(NBC) – It is surprising they don’t have guards stationed nearby, because inside this giant storage area are bins of gold, – a.k.a. honeycrisp apples.
By the time this room is filled, says Nick Schweitzer of the orchard that bears his family name there will be about 1 million pounds of apples all in a specially designed, climate controlled environment.
The market doesn’t just need them, it demands them. People, love honeycrisp. But that’s not the only reason they fetch a premium price. It starts with the tree. A dollar royalty for each one, make the check payable to the University of Minnesota. It owns the patent.
And those trees are weak. They need a trellis to hold them up. The apples themselves are thin skinned, so you have to pick them slow and what’s more, the stem has to cut off by hand. Otherwise, it could put a hole in the fruit.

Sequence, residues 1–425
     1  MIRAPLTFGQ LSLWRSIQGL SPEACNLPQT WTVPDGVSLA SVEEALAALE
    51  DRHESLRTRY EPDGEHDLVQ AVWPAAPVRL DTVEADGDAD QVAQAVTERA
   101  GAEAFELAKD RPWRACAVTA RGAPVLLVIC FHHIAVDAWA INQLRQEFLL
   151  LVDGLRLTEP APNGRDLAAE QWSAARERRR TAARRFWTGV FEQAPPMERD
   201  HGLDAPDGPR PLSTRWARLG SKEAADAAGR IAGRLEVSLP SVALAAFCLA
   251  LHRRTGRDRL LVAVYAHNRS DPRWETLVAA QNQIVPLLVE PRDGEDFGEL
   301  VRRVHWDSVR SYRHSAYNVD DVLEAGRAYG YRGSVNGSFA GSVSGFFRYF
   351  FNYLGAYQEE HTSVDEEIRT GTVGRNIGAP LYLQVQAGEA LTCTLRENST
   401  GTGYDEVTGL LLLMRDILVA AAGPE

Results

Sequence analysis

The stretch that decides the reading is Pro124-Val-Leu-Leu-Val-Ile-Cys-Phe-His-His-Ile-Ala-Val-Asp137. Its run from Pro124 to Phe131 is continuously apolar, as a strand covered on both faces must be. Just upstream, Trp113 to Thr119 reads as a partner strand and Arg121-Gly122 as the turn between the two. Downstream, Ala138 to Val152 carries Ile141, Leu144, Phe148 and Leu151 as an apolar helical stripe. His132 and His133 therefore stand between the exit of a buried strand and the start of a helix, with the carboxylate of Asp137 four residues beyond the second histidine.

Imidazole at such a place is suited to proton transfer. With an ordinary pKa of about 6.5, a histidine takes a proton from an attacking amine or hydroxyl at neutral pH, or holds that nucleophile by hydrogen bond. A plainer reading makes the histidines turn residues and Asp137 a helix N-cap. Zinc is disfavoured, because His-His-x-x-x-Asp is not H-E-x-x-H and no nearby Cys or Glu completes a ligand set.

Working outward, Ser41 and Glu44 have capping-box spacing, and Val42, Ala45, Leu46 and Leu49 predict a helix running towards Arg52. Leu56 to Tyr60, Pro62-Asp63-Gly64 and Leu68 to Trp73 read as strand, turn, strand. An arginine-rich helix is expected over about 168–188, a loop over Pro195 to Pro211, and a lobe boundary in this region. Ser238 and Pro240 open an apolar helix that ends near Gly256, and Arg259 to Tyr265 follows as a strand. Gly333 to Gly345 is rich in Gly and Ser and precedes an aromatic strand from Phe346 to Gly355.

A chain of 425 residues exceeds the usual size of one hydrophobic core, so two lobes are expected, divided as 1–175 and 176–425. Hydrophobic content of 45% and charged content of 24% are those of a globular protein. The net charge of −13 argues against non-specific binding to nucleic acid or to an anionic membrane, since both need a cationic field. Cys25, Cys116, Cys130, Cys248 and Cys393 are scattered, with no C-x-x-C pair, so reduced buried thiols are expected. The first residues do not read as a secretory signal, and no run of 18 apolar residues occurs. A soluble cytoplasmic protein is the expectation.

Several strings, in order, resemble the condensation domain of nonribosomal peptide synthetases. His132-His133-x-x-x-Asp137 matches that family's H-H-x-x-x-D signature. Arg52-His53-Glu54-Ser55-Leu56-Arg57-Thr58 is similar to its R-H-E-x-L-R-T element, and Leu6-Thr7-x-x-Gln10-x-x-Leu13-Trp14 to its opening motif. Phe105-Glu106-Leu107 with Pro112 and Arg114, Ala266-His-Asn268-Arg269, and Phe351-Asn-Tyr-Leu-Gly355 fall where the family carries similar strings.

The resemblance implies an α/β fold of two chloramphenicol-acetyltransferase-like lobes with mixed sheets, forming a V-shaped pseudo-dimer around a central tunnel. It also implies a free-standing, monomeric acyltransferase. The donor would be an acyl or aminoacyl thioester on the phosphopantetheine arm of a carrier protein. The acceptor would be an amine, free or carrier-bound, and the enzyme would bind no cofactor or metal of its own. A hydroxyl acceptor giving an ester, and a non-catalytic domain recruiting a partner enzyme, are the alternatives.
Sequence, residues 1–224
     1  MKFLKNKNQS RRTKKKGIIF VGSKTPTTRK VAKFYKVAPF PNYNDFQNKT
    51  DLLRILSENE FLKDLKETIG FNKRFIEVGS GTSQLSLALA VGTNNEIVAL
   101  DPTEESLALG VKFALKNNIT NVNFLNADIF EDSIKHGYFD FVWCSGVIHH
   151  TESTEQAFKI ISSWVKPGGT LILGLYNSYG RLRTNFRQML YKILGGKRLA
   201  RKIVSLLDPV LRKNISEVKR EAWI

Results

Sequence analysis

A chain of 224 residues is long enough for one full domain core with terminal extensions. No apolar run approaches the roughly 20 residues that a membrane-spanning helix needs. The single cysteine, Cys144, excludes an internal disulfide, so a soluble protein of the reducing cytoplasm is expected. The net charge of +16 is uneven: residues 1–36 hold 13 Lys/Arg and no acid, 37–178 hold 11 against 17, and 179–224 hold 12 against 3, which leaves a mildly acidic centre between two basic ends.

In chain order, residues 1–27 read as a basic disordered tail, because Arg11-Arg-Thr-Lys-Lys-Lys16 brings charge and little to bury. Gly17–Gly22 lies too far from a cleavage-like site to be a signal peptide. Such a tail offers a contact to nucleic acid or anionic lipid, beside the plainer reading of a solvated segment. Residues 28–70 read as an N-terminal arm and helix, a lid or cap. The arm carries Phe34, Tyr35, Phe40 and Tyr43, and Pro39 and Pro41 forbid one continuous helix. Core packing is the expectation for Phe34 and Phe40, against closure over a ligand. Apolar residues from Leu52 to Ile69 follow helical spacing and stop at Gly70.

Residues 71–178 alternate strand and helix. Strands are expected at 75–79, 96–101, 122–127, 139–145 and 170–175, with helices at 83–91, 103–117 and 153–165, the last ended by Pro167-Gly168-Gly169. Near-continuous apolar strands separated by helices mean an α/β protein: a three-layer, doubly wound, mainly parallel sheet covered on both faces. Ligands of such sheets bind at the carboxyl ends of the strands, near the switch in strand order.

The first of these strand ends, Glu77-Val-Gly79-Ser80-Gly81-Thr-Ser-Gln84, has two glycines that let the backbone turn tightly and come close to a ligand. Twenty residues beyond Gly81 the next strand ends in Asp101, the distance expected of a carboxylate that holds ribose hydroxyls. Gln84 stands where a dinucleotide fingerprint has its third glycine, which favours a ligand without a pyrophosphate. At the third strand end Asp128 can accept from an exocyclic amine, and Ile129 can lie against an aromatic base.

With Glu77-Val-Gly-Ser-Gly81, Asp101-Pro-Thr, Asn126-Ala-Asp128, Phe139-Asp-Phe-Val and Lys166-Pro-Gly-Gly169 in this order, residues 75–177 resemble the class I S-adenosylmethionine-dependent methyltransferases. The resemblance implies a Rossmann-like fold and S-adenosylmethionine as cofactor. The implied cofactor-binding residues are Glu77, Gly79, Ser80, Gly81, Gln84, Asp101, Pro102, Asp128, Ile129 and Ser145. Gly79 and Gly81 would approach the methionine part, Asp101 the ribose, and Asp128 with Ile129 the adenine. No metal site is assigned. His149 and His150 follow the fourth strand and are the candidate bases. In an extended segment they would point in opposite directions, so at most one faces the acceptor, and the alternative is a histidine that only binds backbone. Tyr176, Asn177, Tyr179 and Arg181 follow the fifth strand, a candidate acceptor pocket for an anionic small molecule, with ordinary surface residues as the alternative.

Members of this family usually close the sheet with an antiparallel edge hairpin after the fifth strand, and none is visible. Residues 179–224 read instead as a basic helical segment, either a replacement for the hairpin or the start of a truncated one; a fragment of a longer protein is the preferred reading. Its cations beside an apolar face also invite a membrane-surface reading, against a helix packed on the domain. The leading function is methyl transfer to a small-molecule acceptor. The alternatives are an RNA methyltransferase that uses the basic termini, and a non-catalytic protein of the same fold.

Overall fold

To top it all off, the apples don’t ripen at the same time. So they have to be picked on three different dates. Turns out honeycrisp, are a bit prissy.
The whole gentle operation is overseen by 28 year old Nick Schweitzer. A 5th generation grower on the precipice of taking full control from his dad. He turned down a job at Hershey, instead to work 80 hour weeks in the field. he apple don’t fall far they say.
Unless it’s an honeycrisp, cause if it falls, it’s going to bruise.